Julio Gonzalez, M.D., J.D.
Once again, the Supreme Court is being tasked with tackling the most significant of societal issues: our freedom to worship. This time, the argument is embodied in The American Legion v. American Humanist Association. Familiarly enough, the legal action pits the American people's abilities to have a longstanding religious symbol remain in the public square against those of secular activists to forcibly remove them.
The present controversy involves a cross that sits at the center of an intersection in Bladensburg, Maryland dating back to 1922 when local residents set out to build a structure honoring 49 local soldiers who died serving the United States in World War I. The plan called for the construction of a 40-foot tall cross as homage to their fallen heroes.
The Peace Cross, as it eventually came to be known, was completed in 1925, where it has stood as a symbol of the city's reverence and respect for those who made the ultimate sacrifice for our great country. As the nation's history progressed and America suffered through other conflicts, the Cross served as a natural gathering place to honor the fallen heroes from World War II, the Korean War, the Vietnam War, and Gulf Storm, among other conflicts.
As things progressed, Bladensburg grew, and the property upon which the Peace Cross stood came to rest at the intersection of multiple growing thoroughfares. Eventually, the state bought the land upon which the Cross stood in 1961, instantly transforming it into the public domain.
Despite the change in the Peace Cross's status, there was still no objection to its continued presence; that is until the American Humanitarian Association came along.
The Association is made up of a group of individuals who claim to be offended by the Cross's presence and want it removed. Its argument is that the Cross represents an unconstitutional intermingling between church and state, since, according to the Association, its presence on public land represents the adoption or approval of religion by the government.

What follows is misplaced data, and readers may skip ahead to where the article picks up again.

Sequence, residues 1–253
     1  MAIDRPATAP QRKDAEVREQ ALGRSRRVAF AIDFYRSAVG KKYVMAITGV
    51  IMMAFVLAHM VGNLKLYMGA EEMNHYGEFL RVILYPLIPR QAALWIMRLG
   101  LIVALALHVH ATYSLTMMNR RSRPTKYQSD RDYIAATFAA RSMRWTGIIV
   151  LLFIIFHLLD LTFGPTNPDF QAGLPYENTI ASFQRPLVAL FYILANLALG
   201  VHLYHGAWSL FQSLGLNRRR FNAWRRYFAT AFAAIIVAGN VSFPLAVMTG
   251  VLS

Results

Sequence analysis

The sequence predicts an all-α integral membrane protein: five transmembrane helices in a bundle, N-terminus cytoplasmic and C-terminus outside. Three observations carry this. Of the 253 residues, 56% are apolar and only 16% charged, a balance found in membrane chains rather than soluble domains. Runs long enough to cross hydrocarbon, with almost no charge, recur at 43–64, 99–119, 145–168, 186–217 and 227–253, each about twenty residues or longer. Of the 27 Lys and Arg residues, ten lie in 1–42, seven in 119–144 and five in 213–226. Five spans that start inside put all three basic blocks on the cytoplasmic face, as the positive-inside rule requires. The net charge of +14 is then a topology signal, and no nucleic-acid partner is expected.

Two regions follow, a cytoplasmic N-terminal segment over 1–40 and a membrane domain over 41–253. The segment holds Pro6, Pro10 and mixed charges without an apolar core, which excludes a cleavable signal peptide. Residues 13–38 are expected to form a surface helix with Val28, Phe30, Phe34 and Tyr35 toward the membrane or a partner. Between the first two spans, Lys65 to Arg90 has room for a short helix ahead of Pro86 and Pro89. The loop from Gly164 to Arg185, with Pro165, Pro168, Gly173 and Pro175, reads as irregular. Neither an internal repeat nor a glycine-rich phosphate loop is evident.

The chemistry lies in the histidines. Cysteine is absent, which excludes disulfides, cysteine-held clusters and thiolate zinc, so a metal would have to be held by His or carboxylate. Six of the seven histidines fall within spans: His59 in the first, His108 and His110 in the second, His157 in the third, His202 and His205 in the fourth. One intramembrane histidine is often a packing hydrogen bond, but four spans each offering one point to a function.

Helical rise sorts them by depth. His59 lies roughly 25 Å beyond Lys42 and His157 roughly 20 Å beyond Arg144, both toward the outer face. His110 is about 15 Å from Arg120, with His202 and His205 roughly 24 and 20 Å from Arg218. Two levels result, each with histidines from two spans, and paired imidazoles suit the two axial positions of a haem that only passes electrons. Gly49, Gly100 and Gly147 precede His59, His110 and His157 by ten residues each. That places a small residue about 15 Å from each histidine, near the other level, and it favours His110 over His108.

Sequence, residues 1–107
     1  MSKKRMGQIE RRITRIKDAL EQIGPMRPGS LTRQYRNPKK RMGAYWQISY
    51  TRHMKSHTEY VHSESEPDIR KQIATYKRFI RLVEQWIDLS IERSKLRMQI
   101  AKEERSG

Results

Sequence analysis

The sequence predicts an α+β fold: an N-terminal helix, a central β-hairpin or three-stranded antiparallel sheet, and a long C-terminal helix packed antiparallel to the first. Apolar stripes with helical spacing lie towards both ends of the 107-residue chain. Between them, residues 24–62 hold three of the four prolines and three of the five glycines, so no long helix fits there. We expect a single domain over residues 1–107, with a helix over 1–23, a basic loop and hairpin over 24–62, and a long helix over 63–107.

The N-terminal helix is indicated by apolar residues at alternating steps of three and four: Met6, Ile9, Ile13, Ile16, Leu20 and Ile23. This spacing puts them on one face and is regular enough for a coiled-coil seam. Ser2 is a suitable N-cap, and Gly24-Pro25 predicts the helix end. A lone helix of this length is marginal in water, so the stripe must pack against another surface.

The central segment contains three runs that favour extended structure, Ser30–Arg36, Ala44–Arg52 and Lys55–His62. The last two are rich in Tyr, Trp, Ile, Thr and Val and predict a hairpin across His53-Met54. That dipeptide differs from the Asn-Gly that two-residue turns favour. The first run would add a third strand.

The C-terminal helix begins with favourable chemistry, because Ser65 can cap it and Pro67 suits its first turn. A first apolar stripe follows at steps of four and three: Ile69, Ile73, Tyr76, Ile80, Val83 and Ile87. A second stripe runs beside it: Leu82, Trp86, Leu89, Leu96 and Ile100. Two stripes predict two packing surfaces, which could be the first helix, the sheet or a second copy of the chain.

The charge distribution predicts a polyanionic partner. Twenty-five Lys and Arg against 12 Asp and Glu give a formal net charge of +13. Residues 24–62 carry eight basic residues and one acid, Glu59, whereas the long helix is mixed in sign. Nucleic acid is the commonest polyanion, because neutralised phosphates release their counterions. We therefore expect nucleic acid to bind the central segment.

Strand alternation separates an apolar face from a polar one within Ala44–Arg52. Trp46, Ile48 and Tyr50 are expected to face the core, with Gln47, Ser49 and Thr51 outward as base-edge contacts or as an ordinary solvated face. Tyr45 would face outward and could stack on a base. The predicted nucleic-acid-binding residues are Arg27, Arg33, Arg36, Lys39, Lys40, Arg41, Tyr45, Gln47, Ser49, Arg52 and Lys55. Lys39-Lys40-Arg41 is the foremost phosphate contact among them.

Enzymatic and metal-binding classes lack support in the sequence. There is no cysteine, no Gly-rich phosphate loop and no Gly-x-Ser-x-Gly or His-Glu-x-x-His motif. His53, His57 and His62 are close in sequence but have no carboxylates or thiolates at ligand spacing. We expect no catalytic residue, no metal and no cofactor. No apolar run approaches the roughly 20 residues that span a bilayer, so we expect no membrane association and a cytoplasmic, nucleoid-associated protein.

In keeping with its strong objection to the Peace Cross, the Association, along with a group of local residents, brought an action against the Maryland National Park And Planning Commission to have the cross removed. The Planning Commission fought back and was eventually granted summary judgment by the district court and told that the Cross could remain. The case was subsequently appealed to the Fourth Circuit, which disagreed and ordered that the Cross be removed. The case is now being argued before the Supreme Court.
The Peace Cross case is a manifestation of the many problems of American jurisprudence in the way it handles cases of religious freedom. The issue of public worship and respect for our religious freedoms is of elemental importance to all Americans. Religious liberty is at the very root of the nation's foundation, and its scope and ramifications are fundamental to what it means to be human. Without the direct relationship between our Creator and each one of us, there is no limit to the intrusion government can theoretically have upon the individual. In fact, the only factor placing a limit upon government's authority over each person is the individual’s greater allegiance to God. Absent this, government may logically run rampant over man.
It is for this reason that the acknowledgment of man's divinity is so important in a democratic society as it is a constant reminder that both government and man are limited in their scope and power by a greater being, our Creator. Conversely, removing such reminders, like the Cross, serve to diminish the role of religion and worship in people’s daily lives and makes it that much easier for government to intrude upon our freedoms.